Talk to graduates, new mothers, or young creatives about work today, and the one word you’re likely to hear more than any other is freelance.
The term itself certainly isn’t new. In Walter Scott’s 1819 novel Ivanhoe, paid mercenaries described as “free lances” are offered from one feudal lord to another. Fast-forward 200 years, and freelance has taken on a whole new vigour, spurred on by a more modern army, looking to earn a living flexibly and be their own lord – or rather, boss.
There are now an estimated 2.1m freelancers working in the UK, contributing up to £145bn to the economy. For many employers, hiring them has become the norm, with a recent study finding that two in five business owners predict their use of freelancers will grow faster than their number of permanent hires in the next five years.
So why should employers be caught up in the freelance phenomenon, just because more people are choosing this kind of lifestyle? Well, along with offering an extra pair of hands when permanent staff are stretched, freelancers bring a number of financial and cultural benefits to a company which pay off in the long term.
Diversity of thought
Hiring someone who has worked at several different organisations can bring valuable new insights, perspectives, and practices to a company. This diversity of thought will help with problem solving and encourage permanent staff to consider new ways of approaching old tasks.
A freelancer’s experience can also help a company to keep in touch with different parts of the market, ensuring that the business is not missing a trick against the competition.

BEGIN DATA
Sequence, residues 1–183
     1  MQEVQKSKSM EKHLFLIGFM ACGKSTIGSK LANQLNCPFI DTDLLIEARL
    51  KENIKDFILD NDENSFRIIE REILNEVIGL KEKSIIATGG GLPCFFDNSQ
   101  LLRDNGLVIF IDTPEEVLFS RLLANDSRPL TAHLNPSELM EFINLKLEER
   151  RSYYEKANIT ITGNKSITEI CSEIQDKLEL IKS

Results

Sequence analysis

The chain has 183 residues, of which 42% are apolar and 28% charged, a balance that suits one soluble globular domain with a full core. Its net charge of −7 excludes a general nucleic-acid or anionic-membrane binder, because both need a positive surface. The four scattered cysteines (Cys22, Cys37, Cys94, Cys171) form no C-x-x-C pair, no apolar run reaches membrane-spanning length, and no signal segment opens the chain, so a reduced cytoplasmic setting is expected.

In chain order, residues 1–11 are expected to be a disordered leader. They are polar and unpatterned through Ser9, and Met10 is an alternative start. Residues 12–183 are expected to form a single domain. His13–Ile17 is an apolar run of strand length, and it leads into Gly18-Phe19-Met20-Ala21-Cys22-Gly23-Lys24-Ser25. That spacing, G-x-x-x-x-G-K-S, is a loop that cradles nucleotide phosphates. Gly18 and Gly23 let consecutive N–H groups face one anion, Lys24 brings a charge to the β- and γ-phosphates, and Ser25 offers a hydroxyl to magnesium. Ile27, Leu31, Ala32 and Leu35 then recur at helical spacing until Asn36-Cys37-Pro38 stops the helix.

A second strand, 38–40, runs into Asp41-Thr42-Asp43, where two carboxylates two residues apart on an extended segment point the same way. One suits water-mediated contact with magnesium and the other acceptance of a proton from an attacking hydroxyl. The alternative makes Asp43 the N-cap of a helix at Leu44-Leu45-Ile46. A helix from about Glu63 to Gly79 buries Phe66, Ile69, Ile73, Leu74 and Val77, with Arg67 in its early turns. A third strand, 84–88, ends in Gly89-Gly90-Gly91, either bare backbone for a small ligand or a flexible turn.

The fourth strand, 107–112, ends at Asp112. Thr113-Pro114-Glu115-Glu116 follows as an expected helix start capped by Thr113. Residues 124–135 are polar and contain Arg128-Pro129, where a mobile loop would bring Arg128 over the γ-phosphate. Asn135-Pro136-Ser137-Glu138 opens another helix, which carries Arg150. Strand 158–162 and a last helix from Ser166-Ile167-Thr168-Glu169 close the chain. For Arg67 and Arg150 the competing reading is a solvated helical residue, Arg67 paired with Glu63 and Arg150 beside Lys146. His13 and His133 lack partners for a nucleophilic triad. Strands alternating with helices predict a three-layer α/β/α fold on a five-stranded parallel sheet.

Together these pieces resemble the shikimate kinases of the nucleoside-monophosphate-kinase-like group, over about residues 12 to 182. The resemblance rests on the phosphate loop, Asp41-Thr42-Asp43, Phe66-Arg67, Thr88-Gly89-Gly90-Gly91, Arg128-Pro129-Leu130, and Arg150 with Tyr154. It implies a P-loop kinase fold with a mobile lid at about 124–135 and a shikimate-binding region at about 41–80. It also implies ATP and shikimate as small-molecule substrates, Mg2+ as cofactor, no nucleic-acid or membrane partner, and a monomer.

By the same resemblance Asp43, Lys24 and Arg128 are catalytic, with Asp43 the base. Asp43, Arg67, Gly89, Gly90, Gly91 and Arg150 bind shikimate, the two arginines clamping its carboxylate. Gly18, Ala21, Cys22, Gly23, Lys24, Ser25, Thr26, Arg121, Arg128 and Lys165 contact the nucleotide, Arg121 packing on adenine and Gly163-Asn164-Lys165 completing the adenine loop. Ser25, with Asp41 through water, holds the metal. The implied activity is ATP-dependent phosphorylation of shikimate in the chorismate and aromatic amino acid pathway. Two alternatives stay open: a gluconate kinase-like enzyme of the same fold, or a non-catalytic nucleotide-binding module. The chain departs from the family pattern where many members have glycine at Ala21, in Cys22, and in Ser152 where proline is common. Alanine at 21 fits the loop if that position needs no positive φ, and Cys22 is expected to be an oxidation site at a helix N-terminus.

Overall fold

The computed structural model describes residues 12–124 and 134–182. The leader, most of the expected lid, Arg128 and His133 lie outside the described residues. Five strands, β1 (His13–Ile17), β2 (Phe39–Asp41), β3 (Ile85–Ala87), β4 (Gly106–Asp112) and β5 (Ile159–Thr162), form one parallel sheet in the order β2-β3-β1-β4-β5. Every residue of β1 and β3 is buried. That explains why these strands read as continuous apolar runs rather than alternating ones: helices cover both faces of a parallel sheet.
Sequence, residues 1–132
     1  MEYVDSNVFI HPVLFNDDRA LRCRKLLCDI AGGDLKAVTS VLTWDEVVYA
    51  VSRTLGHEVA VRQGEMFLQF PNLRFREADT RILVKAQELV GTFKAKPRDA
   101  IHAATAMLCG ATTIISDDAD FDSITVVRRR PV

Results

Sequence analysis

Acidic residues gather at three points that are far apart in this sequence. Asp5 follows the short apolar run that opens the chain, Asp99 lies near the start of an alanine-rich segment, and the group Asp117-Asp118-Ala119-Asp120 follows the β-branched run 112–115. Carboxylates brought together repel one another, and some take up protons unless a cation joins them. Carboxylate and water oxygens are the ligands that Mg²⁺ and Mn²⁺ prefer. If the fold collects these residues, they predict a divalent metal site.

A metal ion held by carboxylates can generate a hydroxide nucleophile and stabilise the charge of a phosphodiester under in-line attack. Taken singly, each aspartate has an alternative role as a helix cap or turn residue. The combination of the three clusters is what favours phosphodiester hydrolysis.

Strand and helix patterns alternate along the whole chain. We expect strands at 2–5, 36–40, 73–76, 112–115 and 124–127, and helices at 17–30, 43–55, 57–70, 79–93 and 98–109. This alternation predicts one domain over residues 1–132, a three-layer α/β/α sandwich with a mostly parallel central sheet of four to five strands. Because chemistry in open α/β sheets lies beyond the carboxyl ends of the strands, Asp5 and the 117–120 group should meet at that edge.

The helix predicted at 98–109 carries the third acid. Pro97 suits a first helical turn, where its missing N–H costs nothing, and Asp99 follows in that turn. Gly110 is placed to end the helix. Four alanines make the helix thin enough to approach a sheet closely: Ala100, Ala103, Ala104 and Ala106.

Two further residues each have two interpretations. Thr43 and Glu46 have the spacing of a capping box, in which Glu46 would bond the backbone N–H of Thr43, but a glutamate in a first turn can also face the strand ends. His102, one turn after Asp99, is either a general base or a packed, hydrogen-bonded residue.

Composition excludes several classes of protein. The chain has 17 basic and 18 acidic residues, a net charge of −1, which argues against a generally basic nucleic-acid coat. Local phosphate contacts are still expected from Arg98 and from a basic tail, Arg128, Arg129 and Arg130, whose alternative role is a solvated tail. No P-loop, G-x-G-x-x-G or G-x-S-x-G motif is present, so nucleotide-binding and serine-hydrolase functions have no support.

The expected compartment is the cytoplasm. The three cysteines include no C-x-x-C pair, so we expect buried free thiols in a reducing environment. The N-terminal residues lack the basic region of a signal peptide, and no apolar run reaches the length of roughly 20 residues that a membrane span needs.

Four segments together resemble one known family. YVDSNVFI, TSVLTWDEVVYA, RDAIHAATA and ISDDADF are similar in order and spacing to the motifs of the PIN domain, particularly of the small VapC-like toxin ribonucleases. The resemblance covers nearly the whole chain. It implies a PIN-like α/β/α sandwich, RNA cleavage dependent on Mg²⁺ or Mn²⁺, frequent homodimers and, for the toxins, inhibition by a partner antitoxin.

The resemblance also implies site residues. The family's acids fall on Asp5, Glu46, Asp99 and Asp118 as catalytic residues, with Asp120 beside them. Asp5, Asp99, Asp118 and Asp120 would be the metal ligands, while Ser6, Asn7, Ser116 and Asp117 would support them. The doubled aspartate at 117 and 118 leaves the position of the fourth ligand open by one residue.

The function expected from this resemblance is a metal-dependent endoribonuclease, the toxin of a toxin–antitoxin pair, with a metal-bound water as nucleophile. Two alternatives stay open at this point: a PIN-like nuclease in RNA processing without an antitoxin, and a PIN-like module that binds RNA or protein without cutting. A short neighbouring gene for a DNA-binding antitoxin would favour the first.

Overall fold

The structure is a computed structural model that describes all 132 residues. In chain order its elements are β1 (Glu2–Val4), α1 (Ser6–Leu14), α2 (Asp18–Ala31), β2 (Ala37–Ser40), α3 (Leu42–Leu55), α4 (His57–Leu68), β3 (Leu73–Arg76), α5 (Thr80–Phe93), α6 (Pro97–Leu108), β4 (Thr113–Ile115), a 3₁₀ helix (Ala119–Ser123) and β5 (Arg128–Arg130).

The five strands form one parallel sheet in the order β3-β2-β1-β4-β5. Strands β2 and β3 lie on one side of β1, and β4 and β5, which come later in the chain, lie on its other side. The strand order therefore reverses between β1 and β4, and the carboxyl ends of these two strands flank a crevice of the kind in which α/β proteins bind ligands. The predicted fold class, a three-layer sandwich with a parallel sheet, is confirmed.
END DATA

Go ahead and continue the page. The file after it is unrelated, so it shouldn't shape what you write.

Save on the costs of one-off projects
Occasionally, a new project will arise which requires a specific skill set, and the options available are to either train a member of staff to meet this need, or to hire a freelancer for the project.
With the latter option, the freelancer – already skilled in this area – is going to hit the ground running and should finish the job sooner and to a higher standard. This will make it a cheaper option in the long run, while impressing the client with better work.
Securing the best talent
According to the self-employed professionals association IPSE, the number of UK freelancers has risen by 46 per cent since 2008, partly driven by the surge in skilled women going it alone.
With such a vast and growing talent pool, employers who ignore this section of the workforce will miss out on some of the best people, especially in the creative industries where a third of workers are self-employed.
On the other hand, those businesses which consider freelancers when filling gaps in their workforce may elevate the company’s performance, while also inspiring permanent members of staff to raise their game.
Freelancers have come a long way since the days of Scott’s mercenaries, yet the unique skills, experience, and know-how that they can inject into a business may still be the difference between winning and losing battles.
In a world where the concept of work is fast evolving, I would encourage all employers to evolve their philosophies too, by embracing the freelance phenomenon and reaping its rewards.
Main image credit: OLGA MALTSEVA/AFP/Getty Images